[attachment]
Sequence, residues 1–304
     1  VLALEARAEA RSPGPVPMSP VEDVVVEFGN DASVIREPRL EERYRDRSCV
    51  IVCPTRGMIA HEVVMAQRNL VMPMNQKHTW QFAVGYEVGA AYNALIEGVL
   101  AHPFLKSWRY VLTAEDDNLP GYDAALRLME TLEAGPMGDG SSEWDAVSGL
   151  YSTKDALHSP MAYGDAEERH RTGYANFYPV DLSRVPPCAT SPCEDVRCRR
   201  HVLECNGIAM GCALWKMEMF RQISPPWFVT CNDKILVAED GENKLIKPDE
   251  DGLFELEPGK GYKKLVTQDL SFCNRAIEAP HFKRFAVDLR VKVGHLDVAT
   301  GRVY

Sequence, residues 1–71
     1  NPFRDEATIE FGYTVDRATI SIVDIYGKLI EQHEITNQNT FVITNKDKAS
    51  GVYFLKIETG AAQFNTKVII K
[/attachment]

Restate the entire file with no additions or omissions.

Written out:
Sequence, residues 1–304
     1  VLALEARAEA RSPGPVPMSP VEDVVVEFGN DASVIREPRL EERYRDRSCV
    51  IVCPTRGMIA HEVVMAQRNL VMPMNQKHTW QFAVGYEVGA AYNALIEGVL
   101  AHPFLKSWRY VLTAEDDNLP GYDAALRLME TLEAGPMGDG SSEWDAVSGL
   151  YSTKDALHSP MAYGDAEERH RTGYANFYPV DLSRVPPCAT SPCEDVRCRR
   201  HVLECNGIAM GCALWKMEMF RQISPPWFVT CNDKILVAED GENKLIKPDE
   251  DGLFELEPGK GYKKLVTQDL SFCNRAIEAP HFKRFAVDLR VKVGHLDVAT
   301  GRVY

Sequence, residues 1–71
     1  NPFRDEATIE FGYTVDRATI SIVDIYGKLI EQHEITNQNT FVITNKDKAS
    51  GVYFLKIETG AAQFNTKVII K